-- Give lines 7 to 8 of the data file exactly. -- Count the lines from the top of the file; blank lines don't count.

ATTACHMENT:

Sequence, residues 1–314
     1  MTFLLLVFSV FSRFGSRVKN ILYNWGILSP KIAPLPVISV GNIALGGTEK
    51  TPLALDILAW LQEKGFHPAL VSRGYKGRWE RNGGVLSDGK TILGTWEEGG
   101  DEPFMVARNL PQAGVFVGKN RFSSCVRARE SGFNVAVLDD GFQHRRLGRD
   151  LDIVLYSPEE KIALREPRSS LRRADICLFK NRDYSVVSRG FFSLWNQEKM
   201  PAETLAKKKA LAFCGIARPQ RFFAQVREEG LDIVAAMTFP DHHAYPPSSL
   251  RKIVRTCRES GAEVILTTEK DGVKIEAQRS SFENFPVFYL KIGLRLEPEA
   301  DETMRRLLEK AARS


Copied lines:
   251  RKIVRTCRES GAEVILTTEK DGVKIEAQRS SFENFPVFYL KIGLRLEPEA
   301  DETMRRLLEK AARS